When Paul arrived at the
“Baby, this guy is trying to rip me off. All I wanted was to lease a Camry and-”
“And I gave your friend here the lease terms.”
“And what are the lease terms?” Paul asked.
“Well, if she just wants a basic lease, it’s going to be a four year-“
“Four? Four years?”
“And six hundred a month.”
Paul put his head in his hands to keep from punching the salesman. He regained his composure and tried to reason with the salesman.
“Look, isn’t a normal lease only for a year of two?”
“Not anymore. The market’s changed. People have money and we want a piece, and we also want to know our cars are going to have a safe home for a few years.”
“But it’s a lease, we don’t want it for very long.”
Ilana piped in. “Yeah you greasy-”
“Just hold on Ilana. Look, what’s this market everyone is talking about? I couldn’t get a bagel for under three dollars today and now I can’t lease a car for under four years?”
“Sorry pal, but you must have been under a rock. People are throwing their money around like it’s air or something. So we adjusted.” The phone at the salesman’s desk rang. “One second.” He picked up the phone and scrawled some figures on a piece of paper while making some small talk.
Paul looked over at Ilana and saw her scrunching her face up. People who didn’t know Ilana thought this was her being cute, because in fact, when she scrunched up her face she did look cute. But to anyone who knew her well, Ilana scrunching up her face meant she was thinking of the meanest possible exit for a conversation that she could think of. Paul was hoping he could talk some sense into the salesman before Ilana unleashed her wrath, but that hope vanished when the salesman put the phone down.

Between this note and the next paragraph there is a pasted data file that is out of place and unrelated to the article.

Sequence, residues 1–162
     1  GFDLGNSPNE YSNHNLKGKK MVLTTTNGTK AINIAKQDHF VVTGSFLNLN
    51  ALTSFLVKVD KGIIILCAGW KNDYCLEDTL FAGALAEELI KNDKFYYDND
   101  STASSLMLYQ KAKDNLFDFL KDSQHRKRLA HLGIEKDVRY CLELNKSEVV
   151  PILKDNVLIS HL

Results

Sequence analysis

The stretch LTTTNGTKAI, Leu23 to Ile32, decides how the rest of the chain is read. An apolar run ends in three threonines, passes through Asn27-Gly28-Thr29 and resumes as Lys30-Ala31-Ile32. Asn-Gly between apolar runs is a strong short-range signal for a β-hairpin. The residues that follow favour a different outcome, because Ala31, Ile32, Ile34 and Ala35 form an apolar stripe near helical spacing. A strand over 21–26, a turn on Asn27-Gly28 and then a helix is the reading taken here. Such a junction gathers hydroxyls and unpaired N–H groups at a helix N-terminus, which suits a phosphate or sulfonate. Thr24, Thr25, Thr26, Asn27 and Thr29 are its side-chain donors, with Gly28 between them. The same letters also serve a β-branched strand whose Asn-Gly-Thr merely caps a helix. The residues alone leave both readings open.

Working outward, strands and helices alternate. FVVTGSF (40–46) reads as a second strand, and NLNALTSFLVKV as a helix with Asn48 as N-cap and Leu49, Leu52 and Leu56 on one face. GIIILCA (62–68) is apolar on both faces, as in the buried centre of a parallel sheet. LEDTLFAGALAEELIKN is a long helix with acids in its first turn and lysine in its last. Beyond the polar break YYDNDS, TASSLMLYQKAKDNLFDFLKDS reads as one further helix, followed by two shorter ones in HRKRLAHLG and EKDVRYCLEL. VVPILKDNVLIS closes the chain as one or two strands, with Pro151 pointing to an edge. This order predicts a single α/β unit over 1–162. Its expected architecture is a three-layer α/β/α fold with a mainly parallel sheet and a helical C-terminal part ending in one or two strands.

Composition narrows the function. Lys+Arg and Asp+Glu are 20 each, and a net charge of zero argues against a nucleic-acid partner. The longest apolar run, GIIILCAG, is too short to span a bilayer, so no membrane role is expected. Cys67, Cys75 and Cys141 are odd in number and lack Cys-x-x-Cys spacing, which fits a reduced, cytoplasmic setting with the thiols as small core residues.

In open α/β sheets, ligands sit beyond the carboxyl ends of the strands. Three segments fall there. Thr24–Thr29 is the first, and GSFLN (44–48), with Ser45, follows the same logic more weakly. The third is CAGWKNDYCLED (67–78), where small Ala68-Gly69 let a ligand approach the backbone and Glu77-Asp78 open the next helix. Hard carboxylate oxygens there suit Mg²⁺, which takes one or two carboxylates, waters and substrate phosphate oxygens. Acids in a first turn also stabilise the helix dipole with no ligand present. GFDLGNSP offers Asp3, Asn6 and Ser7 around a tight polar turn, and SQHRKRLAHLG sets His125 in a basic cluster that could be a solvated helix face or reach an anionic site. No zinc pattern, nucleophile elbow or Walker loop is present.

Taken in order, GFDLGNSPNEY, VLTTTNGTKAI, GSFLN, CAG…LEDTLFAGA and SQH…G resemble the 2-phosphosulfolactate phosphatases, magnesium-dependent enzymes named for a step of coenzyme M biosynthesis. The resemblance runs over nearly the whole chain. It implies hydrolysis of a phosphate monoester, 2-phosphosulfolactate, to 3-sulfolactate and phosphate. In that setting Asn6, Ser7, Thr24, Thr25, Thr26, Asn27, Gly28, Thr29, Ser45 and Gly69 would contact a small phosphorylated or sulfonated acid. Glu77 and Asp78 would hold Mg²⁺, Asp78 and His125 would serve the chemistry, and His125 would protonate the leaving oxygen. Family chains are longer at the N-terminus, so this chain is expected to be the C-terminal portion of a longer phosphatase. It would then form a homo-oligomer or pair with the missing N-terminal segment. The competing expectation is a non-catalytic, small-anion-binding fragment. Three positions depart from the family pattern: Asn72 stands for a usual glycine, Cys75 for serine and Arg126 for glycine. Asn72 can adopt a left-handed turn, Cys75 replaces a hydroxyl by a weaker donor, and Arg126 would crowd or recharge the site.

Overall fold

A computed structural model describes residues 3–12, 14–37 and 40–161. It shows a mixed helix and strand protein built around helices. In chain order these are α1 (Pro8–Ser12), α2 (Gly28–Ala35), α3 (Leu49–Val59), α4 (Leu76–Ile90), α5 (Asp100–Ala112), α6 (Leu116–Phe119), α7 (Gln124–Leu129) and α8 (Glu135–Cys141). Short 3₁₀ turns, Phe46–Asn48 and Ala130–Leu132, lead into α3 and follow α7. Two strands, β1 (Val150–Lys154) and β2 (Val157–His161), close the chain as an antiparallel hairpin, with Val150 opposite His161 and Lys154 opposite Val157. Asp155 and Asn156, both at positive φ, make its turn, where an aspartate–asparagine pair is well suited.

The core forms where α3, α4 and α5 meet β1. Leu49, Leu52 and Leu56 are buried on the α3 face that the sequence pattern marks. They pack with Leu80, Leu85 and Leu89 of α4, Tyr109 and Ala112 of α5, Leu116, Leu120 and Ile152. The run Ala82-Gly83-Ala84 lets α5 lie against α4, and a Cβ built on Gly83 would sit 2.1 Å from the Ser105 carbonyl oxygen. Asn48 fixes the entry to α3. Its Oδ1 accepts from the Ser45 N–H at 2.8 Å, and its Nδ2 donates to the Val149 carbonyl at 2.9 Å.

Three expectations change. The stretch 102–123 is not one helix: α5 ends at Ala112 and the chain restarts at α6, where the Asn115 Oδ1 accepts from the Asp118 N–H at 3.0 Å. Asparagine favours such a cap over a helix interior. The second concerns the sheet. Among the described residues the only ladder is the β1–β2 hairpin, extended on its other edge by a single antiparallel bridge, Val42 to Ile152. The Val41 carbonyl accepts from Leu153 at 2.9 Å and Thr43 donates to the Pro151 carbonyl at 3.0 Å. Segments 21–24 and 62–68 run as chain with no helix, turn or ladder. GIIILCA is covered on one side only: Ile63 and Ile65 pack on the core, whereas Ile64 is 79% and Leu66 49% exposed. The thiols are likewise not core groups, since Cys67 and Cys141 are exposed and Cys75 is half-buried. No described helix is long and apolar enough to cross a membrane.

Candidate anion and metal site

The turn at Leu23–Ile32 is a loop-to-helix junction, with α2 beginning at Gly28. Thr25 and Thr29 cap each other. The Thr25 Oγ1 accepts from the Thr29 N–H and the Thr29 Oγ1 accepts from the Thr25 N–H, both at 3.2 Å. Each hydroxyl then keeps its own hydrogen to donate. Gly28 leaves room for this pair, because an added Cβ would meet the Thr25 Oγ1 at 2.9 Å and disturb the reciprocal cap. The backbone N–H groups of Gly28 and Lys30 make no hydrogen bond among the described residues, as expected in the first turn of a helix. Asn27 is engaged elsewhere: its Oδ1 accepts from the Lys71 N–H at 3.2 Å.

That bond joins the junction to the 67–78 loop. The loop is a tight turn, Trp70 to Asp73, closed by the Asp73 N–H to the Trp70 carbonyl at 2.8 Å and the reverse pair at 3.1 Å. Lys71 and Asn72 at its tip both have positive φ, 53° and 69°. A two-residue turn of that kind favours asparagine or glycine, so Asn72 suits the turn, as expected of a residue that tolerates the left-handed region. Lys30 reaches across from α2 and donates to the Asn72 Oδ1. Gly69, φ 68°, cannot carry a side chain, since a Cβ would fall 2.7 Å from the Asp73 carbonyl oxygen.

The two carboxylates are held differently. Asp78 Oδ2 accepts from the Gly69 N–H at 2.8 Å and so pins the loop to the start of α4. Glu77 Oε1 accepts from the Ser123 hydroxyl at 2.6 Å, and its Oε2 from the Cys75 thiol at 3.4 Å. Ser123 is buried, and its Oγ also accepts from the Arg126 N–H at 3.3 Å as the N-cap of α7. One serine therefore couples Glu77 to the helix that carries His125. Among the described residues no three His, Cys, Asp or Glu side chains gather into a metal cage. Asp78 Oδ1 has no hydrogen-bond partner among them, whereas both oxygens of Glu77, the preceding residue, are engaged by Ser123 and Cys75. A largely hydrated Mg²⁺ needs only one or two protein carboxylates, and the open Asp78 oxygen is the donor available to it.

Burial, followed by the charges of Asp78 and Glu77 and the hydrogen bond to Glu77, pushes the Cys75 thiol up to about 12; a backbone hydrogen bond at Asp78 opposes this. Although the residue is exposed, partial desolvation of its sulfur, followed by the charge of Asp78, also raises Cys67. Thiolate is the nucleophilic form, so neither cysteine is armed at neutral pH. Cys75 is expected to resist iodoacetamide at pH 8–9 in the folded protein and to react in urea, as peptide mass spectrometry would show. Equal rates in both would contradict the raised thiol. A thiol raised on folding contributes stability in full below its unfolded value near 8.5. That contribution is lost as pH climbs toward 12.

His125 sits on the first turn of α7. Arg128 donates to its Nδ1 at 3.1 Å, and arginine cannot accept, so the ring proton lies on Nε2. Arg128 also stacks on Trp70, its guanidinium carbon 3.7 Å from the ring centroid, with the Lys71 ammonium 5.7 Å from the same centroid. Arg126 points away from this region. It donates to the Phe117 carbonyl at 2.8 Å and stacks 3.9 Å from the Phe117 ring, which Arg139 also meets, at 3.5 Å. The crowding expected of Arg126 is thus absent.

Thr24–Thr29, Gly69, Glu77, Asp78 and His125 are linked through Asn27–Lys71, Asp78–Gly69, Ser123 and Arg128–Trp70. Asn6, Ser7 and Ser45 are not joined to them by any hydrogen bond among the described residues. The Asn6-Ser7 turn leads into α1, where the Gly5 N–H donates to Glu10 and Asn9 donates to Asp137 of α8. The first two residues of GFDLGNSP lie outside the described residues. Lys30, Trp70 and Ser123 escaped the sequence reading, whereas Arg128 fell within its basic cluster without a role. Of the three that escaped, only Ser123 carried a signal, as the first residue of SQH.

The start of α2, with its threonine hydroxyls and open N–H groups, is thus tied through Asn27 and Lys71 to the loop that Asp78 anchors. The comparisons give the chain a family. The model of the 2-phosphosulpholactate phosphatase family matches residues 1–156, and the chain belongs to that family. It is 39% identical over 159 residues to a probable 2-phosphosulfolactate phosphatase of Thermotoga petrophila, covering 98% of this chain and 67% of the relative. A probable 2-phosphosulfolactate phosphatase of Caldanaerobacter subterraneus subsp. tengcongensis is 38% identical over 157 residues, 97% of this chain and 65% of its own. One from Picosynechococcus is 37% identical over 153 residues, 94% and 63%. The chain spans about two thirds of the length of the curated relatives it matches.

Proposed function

“OK, so we’re changing the terms of the deal.”
“I just had someone on the phone who said they were willing to lease the car for seven years and eight hundred dollars a month. So unless you want to match that or go higher, I can’t give you the car.”
Paul didn’t know whether to laugh or cry, but Ilana knew exactly what to do.
“You cunt faggot bile spewing santorum swallowing serpent!”
Ilana had a thing for alliteration, a thing that judging by the stunned reaction of the salesman was not appreciated by him. Paul and Ilana left the dealership in a hurry, not wanting to cause more of a scene than they already had.
“I need a drink”, Ilana muttered.
When they stepped into the bar, Paul liked what he saw. Completely empty save for the bartender, dusty countertops and poor lighting. Your favorite dive bar’s dive bar. Paul thought that if anyplace was immune from the world’s recent craziness, it would be here.
“What’ll it be?”
“Pabst.” Paul figured he’d stay on the cheap side
“Jamison’s, two shots.” Ilana was still agitated from the episode at the dealership.